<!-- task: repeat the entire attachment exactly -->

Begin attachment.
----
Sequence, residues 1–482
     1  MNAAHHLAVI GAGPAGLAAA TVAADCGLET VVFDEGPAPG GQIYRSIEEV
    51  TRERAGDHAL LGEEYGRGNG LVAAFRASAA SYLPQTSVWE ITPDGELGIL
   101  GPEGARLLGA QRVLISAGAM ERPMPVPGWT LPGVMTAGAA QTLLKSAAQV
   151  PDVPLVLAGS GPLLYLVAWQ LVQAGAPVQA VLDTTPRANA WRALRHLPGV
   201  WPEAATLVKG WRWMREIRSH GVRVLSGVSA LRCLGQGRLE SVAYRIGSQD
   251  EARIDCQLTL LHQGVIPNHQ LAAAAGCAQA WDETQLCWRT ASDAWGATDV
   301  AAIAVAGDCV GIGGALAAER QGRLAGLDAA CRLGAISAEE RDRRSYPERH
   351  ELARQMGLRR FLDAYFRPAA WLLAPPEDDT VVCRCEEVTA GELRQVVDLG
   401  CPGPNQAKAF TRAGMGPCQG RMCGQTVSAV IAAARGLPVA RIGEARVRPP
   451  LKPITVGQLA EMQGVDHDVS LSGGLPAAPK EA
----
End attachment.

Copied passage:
Sequence, residues 1–482
     1  MNAAHHLAVI GAGPAGLAAA TVAADCGLET VVFDEGPAPG GQIYRSIEEV
    51  TRERAGDHAL LGEEYGRGNG LVAAFRASAA SYLPQTSVWE ITPDGELGIL
   101  GPEGARLLGA QRVLISAGAM ERPMPVPGWT LPGVMTAGAA QTLLKSAAQV
   151  PDVPLVLAGS GPLLYLVAWQ LVQAGAPVQA VLDTTPRANA WRALRHLPGV
   201  WPEAATLVKG WRWMREIRSH GVRVLSGVSA LRCLGQGRLE SVAYRIGSQD
   251  EARIDCQLTL LHQGVIPNHQ LAAAAGCAQA WDETQLCWRT ASDAWGATDV
   301  AAIAVAGDCV GIGGALAAER QGRLAGLDAA CRLGAISAEE RDRRSYPERH
   351  ELARQMGLRR FLDAYFRPAA WLLAPPEDDT VVCRCEEVTA GELRQVVDLG
   401  CPGPNQAKAF TRAGMGPCQG RMCGQTVSAV IAAARGLPVA RIGEARVRPP
   451  LKPITVGQLA EMQGVDHDVS LSGGLPAAPK EA